Lincolnton native Mark Smith received word this month that his artistic design won the right to be printed on T-shirts for this fall’s annual Lincoln County Apple Festival.
In addition, the Lincoln Cultural Center won the right to print the T-shirts and profit from the sales, according to Lincoln County Cooperative Extension’s Administrative Assistant Joyce Dorsey, who heads all the planning and organization of the yearly county event.
Each year, her office hosts the two-fold contest, seeking creative residents’ unique designs and local nonprofits’ essays on why each should be chosen to sell the shirts.
Each artist can submit up to three designs, Dorsey said.
She also advertises the contest and mails letters to all nonprofits in the area.
While this year a small number of organizations and artists first applied, surprising Dorsey and fellow Cooperative Extension coworkers, the volume soon picked up, with a total of 25 designs submitted by the contest’s deadline.
However, the number of nonprofit entries rested at three.
“I don’t understand why all the nonprofits don’t go for the gold,” Dorsey said. “There are less and less (entries) each year until one day we won’t have a T-shirt.”
Smith’s artwork, which incorporated a tree branch, apple and the words “Lincoln County Apple Festival 2014″ in large calligraphy lettering, proved to be the leading entry this year.
After procrastinating for several weeks, he said he finally sat down and produced his vision for the shirt in just four hours.
Smith takes most of the year to piece together in his mind the design he’s going to enter.
“If I can see it in my mind, then I can put it on paper,” he said.
He said he enters the contest every spring, securing third place last year, and the top spot during the 1990s, when designs were displayed on a large festival banner, instead of a T-shirt.
Smith’s creative mark can be seen all over town. Not only did he recently complete an extensive mural project on the side brick wall of Shalom Baptist Church on North Aspen Street, showcasing a lighthouse, dove and three crosses, but he also painted a mural of the Jordan River inside the baptistery of another local church.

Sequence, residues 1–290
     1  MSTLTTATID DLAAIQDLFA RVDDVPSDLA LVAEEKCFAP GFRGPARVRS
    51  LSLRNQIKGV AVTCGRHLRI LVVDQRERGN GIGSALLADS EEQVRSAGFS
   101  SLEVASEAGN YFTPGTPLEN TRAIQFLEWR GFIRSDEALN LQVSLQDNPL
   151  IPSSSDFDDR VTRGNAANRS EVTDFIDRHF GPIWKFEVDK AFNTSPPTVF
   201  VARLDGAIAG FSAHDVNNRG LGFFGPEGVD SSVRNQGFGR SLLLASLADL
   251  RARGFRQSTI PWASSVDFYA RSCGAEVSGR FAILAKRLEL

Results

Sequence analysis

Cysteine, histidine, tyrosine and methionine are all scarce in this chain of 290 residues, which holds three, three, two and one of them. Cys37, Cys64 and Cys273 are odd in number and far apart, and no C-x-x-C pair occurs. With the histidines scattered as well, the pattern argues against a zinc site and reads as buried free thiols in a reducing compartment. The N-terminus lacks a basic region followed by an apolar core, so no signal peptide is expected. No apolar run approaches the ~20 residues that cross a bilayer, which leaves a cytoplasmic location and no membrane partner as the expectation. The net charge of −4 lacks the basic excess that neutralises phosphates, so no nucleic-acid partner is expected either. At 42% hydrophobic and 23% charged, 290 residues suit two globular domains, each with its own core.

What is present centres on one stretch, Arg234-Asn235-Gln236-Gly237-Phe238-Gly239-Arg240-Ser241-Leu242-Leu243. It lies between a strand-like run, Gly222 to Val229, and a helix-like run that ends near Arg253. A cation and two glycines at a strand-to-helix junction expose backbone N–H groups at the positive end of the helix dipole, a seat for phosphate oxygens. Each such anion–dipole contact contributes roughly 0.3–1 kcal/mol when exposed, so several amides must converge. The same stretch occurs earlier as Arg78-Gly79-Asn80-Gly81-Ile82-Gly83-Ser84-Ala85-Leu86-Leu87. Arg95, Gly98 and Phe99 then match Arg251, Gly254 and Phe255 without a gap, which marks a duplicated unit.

“I was blessed with a talent,” he said.
Growing up, he often watched his sister draw and participate in crafts, inspiring him to later pickup a paintbrush.
In addition to calligraphy and painting, Smith dabbles in photography and has a dream of one day building a glamour-shot studio where he can showcase both artistic trades.
“Every woman needs a picture like that (glamour shot),” he said smiling.
According to Cathy Davis, executive director of the Lincoln Cultural Center, winning the right to sell the festival shirts is an exciting honor in a small town where numerous other nonprofits exist.
Dorsey noted the initiative also financially benefits the chosen organization.
“You can make a couple thousand dollars off it,” she said. “It takes some work, but you can do it.”
Davis said the Cultural Center has entered the contest on more than occasion but never received the privilege until this year.
“We are very pleased and honored,” she said.
Nonprofit officials have yet to determine what company will print the shirts or what color the shirts will be, but they are set on seeking out a local business for the project.
To some residents, the shirts, which typically cost just $12, are a staple of Lincoln County, and they collect them each year.
Smith said he has almost every shirt design, too, from over the decades.
Cultural Center officials would like to collect the shirts from any willing residents and display them at this year’s festival.
Individuals interested in donating their Apple Festival shirts may call the Lincoln Cultural Center at (704) 732-9055.